“Screen Team (Jeanette MacDonald And Nelson Eddy) Of The Month (January 2022)” Featuring Nelson Eddy in… The Chocolate Soldier (1941)

Last week, I put the focus on one of Jeanette MacDonald’s solo outings. This week, I’m switching to one from the other half of this month’s Screen Team, Nelson Eddy! For that, we’re going with his 1941 film The Chocolate Soldier, also starring Risë Stevens!

Coming Up Shorts! with… The Hollywood Matador (1942)

(available on Blu-ray as part of The Woody Woodpecker Screwball Collection from Universal Studios)

(Length: 6 minutes, 58 seconds)

Woody Woodpecker takes on the bull Oxnar The Terribull in the bullring. As has been typical of the handful of Woody Woodpecker cartoons I’ve seen so far, this one was quite fun! I’ll admit, the idea of a cartoon character taking on a bull in the bullring is nothing new, with A Bully For Bugs as the standout classic of the type. So, some of the types of jokes here aren’t exactly new, but it’s still done “Woody Woodpecker”-style, which is still good enough! Personally, I like Woody’s take here (much better than the Pink Panther’s bullfight in Bully For Pink). We have yet another voice actor for Woody, with Kent Rogers voicing the character, and doing well enough that I haven’t been able to distinguish his voice from the others yet (again, this may just be my own inexperience with the character at the moment). Regardless, this short provided enough laughs that I’ll come back to see it again at some point!

And Now For The Main Feature…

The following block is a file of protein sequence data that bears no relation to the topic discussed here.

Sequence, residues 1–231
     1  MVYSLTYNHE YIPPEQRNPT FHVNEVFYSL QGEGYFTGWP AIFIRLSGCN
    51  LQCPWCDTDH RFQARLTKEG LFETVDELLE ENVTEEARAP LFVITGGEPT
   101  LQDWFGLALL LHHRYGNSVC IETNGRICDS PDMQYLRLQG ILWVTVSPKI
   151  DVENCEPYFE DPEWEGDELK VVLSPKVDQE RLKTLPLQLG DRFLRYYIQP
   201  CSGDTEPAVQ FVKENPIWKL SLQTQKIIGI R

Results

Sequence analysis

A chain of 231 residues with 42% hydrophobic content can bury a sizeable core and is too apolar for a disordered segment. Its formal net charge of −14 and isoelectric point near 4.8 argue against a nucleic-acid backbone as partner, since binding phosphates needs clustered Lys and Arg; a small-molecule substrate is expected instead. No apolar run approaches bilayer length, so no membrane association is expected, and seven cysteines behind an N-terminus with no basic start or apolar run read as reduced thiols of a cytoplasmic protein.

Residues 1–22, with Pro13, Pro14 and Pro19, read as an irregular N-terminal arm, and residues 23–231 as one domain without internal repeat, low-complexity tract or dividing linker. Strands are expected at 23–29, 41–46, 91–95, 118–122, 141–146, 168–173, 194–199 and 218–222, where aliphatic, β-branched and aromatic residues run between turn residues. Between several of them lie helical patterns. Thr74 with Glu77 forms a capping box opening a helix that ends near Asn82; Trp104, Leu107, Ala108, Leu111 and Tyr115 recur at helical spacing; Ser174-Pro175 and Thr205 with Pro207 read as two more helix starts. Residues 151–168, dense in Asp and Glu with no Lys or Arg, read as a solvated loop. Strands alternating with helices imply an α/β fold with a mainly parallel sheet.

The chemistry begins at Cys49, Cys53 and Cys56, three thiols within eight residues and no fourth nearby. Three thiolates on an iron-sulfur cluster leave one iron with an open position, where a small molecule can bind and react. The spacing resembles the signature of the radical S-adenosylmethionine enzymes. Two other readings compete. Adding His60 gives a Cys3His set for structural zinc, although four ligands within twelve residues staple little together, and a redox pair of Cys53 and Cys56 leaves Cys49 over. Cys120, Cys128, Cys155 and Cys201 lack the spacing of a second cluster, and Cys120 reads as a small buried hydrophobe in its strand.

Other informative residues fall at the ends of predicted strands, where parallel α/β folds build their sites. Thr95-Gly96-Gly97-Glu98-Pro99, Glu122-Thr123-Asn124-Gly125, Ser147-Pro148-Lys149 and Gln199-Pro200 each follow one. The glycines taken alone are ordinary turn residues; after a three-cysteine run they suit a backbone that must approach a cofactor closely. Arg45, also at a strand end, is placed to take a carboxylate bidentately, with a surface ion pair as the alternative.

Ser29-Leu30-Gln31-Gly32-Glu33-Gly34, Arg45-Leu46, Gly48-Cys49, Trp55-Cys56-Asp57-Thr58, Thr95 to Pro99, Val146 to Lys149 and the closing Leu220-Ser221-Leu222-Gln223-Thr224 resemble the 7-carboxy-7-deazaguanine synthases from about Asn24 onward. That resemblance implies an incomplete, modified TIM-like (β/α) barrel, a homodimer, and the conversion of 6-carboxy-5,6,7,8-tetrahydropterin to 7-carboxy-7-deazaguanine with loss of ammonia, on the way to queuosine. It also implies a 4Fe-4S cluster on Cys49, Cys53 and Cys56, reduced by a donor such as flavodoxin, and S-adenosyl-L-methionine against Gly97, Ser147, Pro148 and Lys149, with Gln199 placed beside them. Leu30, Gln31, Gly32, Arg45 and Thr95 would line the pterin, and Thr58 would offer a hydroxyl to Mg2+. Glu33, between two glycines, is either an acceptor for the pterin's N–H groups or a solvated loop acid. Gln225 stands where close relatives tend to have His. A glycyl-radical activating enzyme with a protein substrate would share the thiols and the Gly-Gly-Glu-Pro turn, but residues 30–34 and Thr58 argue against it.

In Balkany, musical comedy stars Karl Lang (Nelson Eddy) and Maria Lanyi (Risë Stevens) enjoy success onstage. Offstage, however, there is trouble. The two of them have been married for a few months, but both suspect the other of being unfaithful, due to their various admirers. Talking with his friend, theatrical critic Bernard Fischer (Nigel Bruce), Karl tells him about his suspicions that Maria may soon be leaving him for another man. Bernard doesn’t believe him, but suggests Karl try to be romantic towards her. When Karl’s initial attempt at romance fails, he comes up with a different plan. He takes her (and Bernard) out to the Double Eagle Cafe, but has to excuse himself when he receives a telegram from a friend who needed to be bailed out of jail. While he is gone, a Russian guardsman sings for the audience, and is instantly attracted to Maria. He introduces himself as Vassily Vassilievitch,, who flirts with Maria. After he leaves, Karl comes back, but acts nonchalant when Bernard and Maria tell him about their visitor. The next day, some beautiful flowers arrive for Maria while Bernard is visiting, and Karl goes into a jealous rage as he tries to find out who sent them to Maria. Privately (when Maria is out of earshot), he confides to Bernard that HE sent them in his disguise of Vassily, while Maria figures out on her own that Karl and Vassily are one and the same. Since the note that Karl sent with the flowers as “Vassily” asks her to stand by her window as a signal to him that afternoon, Karl make an excuse about needing to go perform elsewhere to get out of the house. As Vassily, Karl is less than thrilled to see Maria at the window, but he still decides to follow through with his plan. When he tries to come on to her forcefully, she turns him away (much to his happiness), only for her to then invite Vassily to come back later. They have several more meetings that go similarly, with her rejecting Vassily’s advances, only for her to then flirt with Vassily some more before Karl has a chance to rejoice at her faithfulness. Will Maria reveal the fact that she knows that Karl is Vassily, or will his jealousy continue to get the better of him?